Data from a study released recently by Northeastern University aligns with common trends emerging about the perception of the role and responsibility of higher education and its primary clients i.e., students, in regard to preparing future employees. Among other important conclusions, the results highlight:
- concerns over higher education not adequately preparing graduates for today’s job market;
- the need for students/graduates to be broadly educated and trained including via on-the-job training such as internship opportunities; and
- the belief that there is a shared responsibility between higher education, students, and future employers in educating and training individuals that will excel in the workplace.
Of particular interest here, I believe, are the results related to the second bullet point above. The data from the study show that the general public and business leaders prefer that today’s graduates be equipped with multi-disciplinary and transferable, or “soft” skills, that go beyond the skills obtained through the education/training related to the study of a single, specific discipline. These conclusions are similar to data and conclusions of previous similar studies (here and here). Collectively, these studies suggest that today’s job market demands multi-skilled or generalist employees rather than specialists.
Ultimately, employers want employees to be agile enough to fill multiple gaps within an organization. In other words, employers want employees to perform varied tasks related to two or more job functions. This likely relates to the trend of reducing the overall headcount in an organization (thus reducing expenses); again, one multi-skilled employee can replace two or more employees that are ultra-specialized.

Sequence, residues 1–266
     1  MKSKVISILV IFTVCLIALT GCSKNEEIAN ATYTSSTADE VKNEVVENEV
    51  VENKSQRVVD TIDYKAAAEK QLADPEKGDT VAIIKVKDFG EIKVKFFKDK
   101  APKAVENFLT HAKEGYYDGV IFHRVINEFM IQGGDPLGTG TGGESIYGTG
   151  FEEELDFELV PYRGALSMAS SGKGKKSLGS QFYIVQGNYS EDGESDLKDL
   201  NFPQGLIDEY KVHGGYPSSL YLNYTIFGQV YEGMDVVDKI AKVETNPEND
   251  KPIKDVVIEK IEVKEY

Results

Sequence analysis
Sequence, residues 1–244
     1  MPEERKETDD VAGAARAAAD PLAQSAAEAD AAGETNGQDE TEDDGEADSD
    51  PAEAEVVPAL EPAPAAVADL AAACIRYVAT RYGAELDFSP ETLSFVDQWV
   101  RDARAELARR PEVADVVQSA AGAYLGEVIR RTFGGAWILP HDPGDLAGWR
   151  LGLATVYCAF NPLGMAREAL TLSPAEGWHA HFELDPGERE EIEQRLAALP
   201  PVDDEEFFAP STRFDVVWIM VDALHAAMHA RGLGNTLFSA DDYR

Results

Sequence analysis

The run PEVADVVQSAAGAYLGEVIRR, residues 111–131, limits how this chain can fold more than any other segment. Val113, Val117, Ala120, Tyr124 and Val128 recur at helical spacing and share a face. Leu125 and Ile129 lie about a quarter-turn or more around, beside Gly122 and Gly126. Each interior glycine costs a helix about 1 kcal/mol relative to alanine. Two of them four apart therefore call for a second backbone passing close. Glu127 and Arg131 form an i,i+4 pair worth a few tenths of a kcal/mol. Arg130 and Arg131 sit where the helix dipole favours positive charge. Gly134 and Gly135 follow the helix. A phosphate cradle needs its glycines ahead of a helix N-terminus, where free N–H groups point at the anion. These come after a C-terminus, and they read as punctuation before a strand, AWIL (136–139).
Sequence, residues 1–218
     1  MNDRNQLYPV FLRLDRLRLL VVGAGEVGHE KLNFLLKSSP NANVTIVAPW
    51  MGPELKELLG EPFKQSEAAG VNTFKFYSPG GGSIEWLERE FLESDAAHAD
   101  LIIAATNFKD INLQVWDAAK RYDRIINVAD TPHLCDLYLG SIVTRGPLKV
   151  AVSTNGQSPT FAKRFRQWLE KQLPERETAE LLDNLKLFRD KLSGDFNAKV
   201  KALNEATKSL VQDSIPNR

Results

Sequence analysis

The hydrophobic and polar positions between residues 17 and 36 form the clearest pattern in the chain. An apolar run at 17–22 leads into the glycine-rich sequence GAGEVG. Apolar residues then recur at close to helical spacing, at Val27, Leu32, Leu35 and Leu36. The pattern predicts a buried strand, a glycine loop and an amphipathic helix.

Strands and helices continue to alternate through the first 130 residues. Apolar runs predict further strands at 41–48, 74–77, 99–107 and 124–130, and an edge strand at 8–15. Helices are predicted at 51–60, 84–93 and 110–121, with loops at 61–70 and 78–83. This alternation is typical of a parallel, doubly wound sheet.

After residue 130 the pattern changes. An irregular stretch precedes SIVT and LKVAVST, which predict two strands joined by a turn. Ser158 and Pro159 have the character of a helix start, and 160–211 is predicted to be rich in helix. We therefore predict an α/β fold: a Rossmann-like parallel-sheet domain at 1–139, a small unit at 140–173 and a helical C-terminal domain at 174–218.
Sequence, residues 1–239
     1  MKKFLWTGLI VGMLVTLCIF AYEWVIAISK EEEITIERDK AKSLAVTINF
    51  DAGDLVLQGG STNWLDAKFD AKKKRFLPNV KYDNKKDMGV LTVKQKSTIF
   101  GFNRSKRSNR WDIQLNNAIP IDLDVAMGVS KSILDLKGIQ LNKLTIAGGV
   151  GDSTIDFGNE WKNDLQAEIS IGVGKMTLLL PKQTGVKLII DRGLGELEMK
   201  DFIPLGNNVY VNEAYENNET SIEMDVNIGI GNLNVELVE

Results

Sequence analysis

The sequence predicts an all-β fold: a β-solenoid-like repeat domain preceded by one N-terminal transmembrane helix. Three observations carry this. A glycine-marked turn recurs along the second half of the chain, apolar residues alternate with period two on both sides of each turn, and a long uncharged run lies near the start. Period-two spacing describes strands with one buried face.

So, given that the results of this new study are echoed in similar prior studies, I believe we should all be striving to become knowledgeable in multiple areas that are being demanded by today’s job market. I believe this will be a requirement for us to all stay relevant and employable in quickly evolving industries. Data from the studies mentioned above suggest that we should focus on complementing our technical and/or professional training with transferable or “soft” skills such as communication, innovation/creative thinking, and critical/analytical thinking skills, just to name a few.
This concept nicely aligns with the central mission and goal of the small business I run called Integrative Academic Solutions. My mission is to promote and develop the integration of disciplines to achieve high-level, innovative job performance and to ultimately help develop multi-disciplinary employees who do work they love and that society regard as highly impactful.
So, what are you doing to become a multi-skilled employee who will continue to be employable and relevant in today’s evolving job market?
Nathan has a Bachelor of Science degree in agricultural biotechnology, a PhD in biochemistry, and an MBA with an operations management focus. He is the Assistant Director for Research for the University of Kentucky Markey Cancer Center. He is the founder of Integrative Academic Solutions, which aims to help individuals integrate multiple disciplines to achieve innovative job performance. He is also the founder/editor of The Daily PhD, a newspaper dedicated to graduate school issues and PhD career paths. Lastly, he is the founder/editor of What Are All The PhDs?, which is dedicated to putting a personal spin on highlighting all possible career paths for PhDs.